Legalization: Not Everyone Gets to Celebrate
On October 17, recreational marijuana was legalized in Canada under the Cannabis Act. The Act makes it illegal to possess more than 30 grams of cannabis in public, meaning that possession of the drug will still be policed. Legalization comes after almost a decade of Harper’s conservative “tough- on-crime” policies, which aimed to increase public safety via mandatory minimum sentencing, even for minor offences. Under these policies, a large number of people, most of whom were Black and Indigenous, have been charged with, or incarcerated for, the possession of cannabis. A recent overview of certain provincial statistics regarding the racial dimension of cannabis-related arrests has shown clear racial disparities. Under the new policy, it is likely that racialized communities will still be targeted disproportionately by police for drug offences. Legalization alone will not end or rectify unjust criminalization.
The Canadian government recently promised to provide pardons for those charged with cannabis-related offences. Although the government has waived the $631 fee to apply for a pardon and the standard three-year waiting period, there has been no timeline released as to when the pardons will be put into effect. In addition, the government will not be expunging these charges from people’s records as they did with Bill C- 66*, meaning the records of these charges will not be destroyed. Public Safety Minister Ralph Goodale stated that “the laws with respect to cannabis that have existed historically [...] are out of step with current mores and views in Canada, but are not of the same nature as the historic social injustice that was imposed in relation to the LGBTQ2 community.” Even after receiving a pardon, a person once arrested for cannabis possession would still have to check the box “convicted of a criminal offence” on housing and employment applications. This contributes to unfair economic discrimination against people of colour, further barring them from accessing housing and employment.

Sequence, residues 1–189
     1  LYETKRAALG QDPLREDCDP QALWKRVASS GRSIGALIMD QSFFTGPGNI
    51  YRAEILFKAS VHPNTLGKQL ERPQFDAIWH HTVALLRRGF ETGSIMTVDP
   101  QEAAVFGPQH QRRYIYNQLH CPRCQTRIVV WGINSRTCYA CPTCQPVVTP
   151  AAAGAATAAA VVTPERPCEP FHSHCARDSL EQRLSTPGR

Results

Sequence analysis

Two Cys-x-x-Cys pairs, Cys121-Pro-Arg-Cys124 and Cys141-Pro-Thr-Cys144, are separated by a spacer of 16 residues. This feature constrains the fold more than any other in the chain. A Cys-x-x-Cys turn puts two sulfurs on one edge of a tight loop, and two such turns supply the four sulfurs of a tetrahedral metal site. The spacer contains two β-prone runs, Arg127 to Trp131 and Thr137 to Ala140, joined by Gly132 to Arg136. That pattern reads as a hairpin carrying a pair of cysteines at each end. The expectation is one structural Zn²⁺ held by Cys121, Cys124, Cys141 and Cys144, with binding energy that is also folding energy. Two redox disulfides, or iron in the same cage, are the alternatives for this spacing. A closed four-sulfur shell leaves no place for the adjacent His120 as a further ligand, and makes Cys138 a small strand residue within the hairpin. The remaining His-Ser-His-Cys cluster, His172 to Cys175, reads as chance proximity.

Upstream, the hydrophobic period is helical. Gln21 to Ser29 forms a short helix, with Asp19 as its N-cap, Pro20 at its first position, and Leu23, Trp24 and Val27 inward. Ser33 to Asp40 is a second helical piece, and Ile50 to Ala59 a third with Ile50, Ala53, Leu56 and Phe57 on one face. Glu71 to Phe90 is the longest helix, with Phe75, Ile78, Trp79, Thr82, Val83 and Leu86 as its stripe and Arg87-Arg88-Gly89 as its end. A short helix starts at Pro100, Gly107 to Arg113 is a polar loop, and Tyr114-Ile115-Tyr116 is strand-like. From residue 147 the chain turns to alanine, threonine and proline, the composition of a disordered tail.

People of colour have had, and will continue to have, a higher chance of being punished under the law for the possession of cannabis. Canada needs to critically address and dismantle the pervading racial bias found in policing. Even if cannabis- related charges are pardoned, this does not make up for the lives negatively affected either by racial profiling or imprisonment. We have a responsibility to push our elected officials to not only pardon, but also expunge, previous convictions.
Although many are celebrating the Cannabis Act, there is more that needs to be done. We encourage you to copy this editorial and email it to your elected officials. You will find the contact information of members of Parliament and members of the National Assembly on this website: www.ourcommons.ca/parliamentarians/ en/constituencies/findmp.
*Bill C- 66 expunged the criminal records of those arrested for consensual sexual activity between samesex partners.